Controversial website hosts live feeds from unsecured CCTV cameras around the world
Live footage from improperly configured surveillance cameras is currently being streamed online, exposing numerous U.K. schools in the process.
According to a report from the Daily Mail Sunday, video from at least four schools is available on a website which hosts content from CCTV cameras throughout the world.
The website, which takes advantage of cameras that either have default credentials or no password, also shows content from hundreds of private businesses and homes.
“Among the schools on the US-registered site was St Mary’s Catholic Academy in Blackpool, attended by 1,188 pupils,” the article states. “Eight CCTV cameras in the playground, entrances and inside the school corridors could be accessed.”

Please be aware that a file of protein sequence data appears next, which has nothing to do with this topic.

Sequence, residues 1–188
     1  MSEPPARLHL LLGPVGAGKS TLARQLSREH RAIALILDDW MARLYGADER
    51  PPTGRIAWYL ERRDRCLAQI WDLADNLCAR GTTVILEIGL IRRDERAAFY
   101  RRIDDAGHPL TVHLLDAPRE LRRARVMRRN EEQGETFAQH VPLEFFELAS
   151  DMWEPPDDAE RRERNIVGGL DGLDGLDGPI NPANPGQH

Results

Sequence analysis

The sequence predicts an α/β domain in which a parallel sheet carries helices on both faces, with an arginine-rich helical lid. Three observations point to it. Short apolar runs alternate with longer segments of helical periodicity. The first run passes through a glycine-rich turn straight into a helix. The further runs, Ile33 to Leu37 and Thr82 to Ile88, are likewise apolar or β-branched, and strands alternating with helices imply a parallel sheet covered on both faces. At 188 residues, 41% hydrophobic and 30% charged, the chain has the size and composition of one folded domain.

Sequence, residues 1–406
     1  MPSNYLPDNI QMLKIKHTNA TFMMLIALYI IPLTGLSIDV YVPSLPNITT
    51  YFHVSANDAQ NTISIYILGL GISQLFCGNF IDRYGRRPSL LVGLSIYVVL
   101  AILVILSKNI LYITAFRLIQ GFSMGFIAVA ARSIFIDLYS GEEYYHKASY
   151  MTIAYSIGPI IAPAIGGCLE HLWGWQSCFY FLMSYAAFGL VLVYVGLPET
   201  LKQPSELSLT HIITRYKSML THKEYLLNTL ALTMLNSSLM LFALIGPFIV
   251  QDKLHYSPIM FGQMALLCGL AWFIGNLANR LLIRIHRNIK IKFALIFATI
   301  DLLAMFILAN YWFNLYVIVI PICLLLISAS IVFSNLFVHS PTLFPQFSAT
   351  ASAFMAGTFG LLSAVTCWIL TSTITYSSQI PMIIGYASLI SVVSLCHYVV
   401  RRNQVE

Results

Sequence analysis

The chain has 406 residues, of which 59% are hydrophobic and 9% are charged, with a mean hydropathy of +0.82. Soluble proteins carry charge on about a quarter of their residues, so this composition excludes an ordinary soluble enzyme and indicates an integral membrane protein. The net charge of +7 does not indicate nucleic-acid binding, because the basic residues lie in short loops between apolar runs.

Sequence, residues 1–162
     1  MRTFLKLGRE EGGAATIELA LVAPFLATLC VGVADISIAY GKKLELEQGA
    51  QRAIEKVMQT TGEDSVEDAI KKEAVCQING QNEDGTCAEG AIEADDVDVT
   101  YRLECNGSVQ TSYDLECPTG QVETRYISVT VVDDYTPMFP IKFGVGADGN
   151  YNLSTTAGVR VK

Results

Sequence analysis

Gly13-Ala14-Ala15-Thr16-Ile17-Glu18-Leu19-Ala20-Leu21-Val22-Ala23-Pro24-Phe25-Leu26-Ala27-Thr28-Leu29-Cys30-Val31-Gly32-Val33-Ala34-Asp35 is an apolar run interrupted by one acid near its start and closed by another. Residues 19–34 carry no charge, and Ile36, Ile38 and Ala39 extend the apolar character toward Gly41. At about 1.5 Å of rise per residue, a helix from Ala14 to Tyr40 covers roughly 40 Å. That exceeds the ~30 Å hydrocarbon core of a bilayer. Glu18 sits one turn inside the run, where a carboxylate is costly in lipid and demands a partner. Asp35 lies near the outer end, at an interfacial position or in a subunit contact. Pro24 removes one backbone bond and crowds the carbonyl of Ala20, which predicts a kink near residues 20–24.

“Last Wednesday afternoon, children at the infant school children could be seen leaving their classrooms and being picked up by parents from cameras at St Mary’s.”
While school administrators declined to comment on the issue when informed, at least one parents described the incident as “completely shocking.”
“It’s really bad, they’ve got cameras everywhere around the school,” the unnamed parent said.
A parent whose child attends Highfield Leadership Academy in Blackpool, which has at least seven unsecure CCTV cameras, argued that educators are failing to protect the school’s kids.
“Oh, my God,” the second parent said. “How can they be allowed to run so many cameras if they can’t look after the children the cameras are supposed to protect?”
The Daily Mail states that St Mary’s and Highfield have since changed their passwords, making their feeds unavailable to the site, while two other schools have temporarily taken cameras offline.
The issue is also raising concern given that more than 200 U.K. schools are known to have CCTV cameras installed in bathrooms.
The UK’s Information Commissioner’s Office has since launched an investigation into the matter.
Although the website states that no cameras have been hacked, hosting footage from internet-facing cameras has previously been found to be in violation of the Computer Fraud and Abuse Act (CFAA).